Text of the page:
Haworthia venosa

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Haworthia venosa
01 20120515ortopallavicini-269.JPG
Haworthia venosa var. tessellata at the botanical garden of Villa Durazzo-Pallavicini, Genova Pegli
Scientific classification e
Kingdom: Plantae
Clade: Angiosperms
Clade: Monocots
Order: Asparagales
Family: Asphodelaceae
Subfamily: Asphodeloideae
Genus: Haworthia
Species: H. venosa
Binomial name
Haworthia venosa
(Haw.) Haw.

Haworthia venosa is a species of flowering plant in the genus Haworthia belonging to the family Asphodelaceae, native to Namibia and South Africa.

Naming and taxonomy[edit]

The genus name Haworthia honors the British botanist Adrian Hardy Haworth (1767–1833), while the species name venosa means "veined”.[1]

Within the genus Haworthia, the species forms part of the subgenus Hexangulares. More specifically, it falls within section Venosae (together with its close relatives, Haworthia limifolia, Haworthia koelmaniorum and Haworthia woolleyi).

Recent phylogenetic studies have demonstrated that subgenus Hexangulares is actually relatively unrelated to other Haworthias (being more closely related to Gasterias. It will therefore comprise a new, separate genus, Haworthiopsis, and this species will accordingly become "Haworthiopsis venosa".[2][3]


Depending on the authority, these are either considered subspecies of venosa, or as independent (but closely related) species in their own right:

  • H. venosa subsp. granulata (Marloth) M.B.Bayer. A rare form from the south-west of its range.
  • H. venosa subsp. tessellata (Haw.) M.B.Bayer. The most common form.
  • H. venosa subsp. venosa. The rare type form, from an isolated population to the south.
  • H. venosa subsp. woolleyi (Poelln.). A slender, gracile form from the far south-east.

H. venosa subsp. tessellata is the form most popular in cultivation, due to its attractive, splayed, compact leaves. It has also gained the Royal Horticultural Society's Award of Garden Merit.[4]


It is a mat-forming succulent evergreen perennial reaching 8–60 cm (3–24 in) in height. Stemless rosettes of 12-15 fleshy, triangular, lanceolate, dark green leaves show a few pale green lines along the upper surfaces and small teeth along the margins.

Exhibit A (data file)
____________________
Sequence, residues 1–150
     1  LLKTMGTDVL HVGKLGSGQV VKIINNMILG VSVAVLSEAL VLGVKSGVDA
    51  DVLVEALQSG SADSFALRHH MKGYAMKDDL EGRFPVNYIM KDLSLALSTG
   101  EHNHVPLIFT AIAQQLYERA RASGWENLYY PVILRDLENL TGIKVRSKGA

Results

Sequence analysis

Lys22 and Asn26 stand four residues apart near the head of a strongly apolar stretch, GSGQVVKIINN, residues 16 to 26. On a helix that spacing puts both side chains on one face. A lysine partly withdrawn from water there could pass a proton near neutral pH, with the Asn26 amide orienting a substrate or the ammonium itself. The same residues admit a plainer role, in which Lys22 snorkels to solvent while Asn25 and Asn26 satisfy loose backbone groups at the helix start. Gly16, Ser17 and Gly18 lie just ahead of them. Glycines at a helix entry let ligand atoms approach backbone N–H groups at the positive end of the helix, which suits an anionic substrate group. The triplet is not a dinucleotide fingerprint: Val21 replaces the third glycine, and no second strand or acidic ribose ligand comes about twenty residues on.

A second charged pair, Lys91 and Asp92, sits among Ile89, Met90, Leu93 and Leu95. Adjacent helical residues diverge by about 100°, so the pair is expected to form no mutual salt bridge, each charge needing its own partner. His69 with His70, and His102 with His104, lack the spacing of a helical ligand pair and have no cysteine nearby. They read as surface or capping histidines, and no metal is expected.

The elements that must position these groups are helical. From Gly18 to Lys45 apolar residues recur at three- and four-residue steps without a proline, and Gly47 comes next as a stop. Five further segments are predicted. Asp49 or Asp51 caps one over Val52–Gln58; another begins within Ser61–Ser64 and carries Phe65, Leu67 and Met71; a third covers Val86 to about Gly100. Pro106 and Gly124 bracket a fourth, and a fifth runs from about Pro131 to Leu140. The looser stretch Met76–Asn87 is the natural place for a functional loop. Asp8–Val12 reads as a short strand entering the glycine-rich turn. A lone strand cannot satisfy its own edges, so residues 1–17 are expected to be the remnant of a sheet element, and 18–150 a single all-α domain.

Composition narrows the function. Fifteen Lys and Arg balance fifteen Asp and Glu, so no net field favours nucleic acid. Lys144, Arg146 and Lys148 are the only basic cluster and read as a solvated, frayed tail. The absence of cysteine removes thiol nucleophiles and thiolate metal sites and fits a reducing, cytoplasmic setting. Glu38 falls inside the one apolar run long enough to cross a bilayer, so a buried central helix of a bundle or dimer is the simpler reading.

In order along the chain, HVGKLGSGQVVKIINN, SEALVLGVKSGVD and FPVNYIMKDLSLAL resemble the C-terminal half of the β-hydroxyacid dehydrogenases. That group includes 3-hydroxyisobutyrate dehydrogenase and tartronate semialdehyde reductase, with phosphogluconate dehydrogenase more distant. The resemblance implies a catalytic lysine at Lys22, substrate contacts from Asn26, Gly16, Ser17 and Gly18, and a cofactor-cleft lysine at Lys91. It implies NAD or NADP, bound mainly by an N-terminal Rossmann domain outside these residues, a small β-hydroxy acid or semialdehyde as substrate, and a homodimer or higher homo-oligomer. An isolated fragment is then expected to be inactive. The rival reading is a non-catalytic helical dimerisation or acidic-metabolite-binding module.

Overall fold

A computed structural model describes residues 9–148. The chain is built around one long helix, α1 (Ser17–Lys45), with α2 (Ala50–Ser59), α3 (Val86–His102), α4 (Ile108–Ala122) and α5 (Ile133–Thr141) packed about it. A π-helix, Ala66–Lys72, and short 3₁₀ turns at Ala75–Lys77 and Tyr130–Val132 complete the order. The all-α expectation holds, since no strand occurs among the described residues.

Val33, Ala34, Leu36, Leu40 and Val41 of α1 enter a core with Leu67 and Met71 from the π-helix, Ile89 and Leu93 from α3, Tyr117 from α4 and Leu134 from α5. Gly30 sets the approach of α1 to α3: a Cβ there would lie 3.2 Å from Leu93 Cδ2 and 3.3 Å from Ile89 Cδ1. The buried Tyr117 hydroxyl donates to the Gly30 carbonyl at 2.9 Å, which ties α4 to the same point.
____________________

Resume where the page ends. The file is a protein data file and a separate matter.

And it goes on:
In spring (November to December) it bears 15 cm (6 in) long stems of green-white, tubular flowers in racemes.[5]


This species occurs over a large area, from the inland Karoo and Namibia to as far south as the norther part of the Breede River valley.[citation needed] Here it occurs on rocky slopes.


In cultivation it requires a minimum temperature of 10 °C (50 °F), so is grown under glass in temperate locations.[6]


  1. ^ Harrison, Lorraine (2012). RHS Latin for gardeners. United Kingdom: Mitchell Beazley. p. 224. ISBN 9781845337315. 
  2. ^ Manning, John; Boatwright, James S.; Daru, Barnabas H.; Maurin, Olivier; van der Bank, Michelle. A Molecular Phylogeny and Generic Classification of Asphodelaceae subfamily Alooideae: A Final Resolution of the Prickly Issue of Polyphyly in the Alooids? Systematic Botany, Volume 39, Number 1, March 2014, pp. 55-74
  3. ^ http://www.haworthia.org.uk/haworthia.htm
  4. ^ "RHS Plant Selector - Haworthia venosa subsp. tessellata". Retrieved 17 July 2013. 
  5. ^ RHS A-Z encyclopedia of garden plants. United Kingdom: Dorling Kindersley. 2008. p. 1136. ISBN 1405332964. 
  6. ^ Haworthia venosa - Information page at Haworthia-Gasteria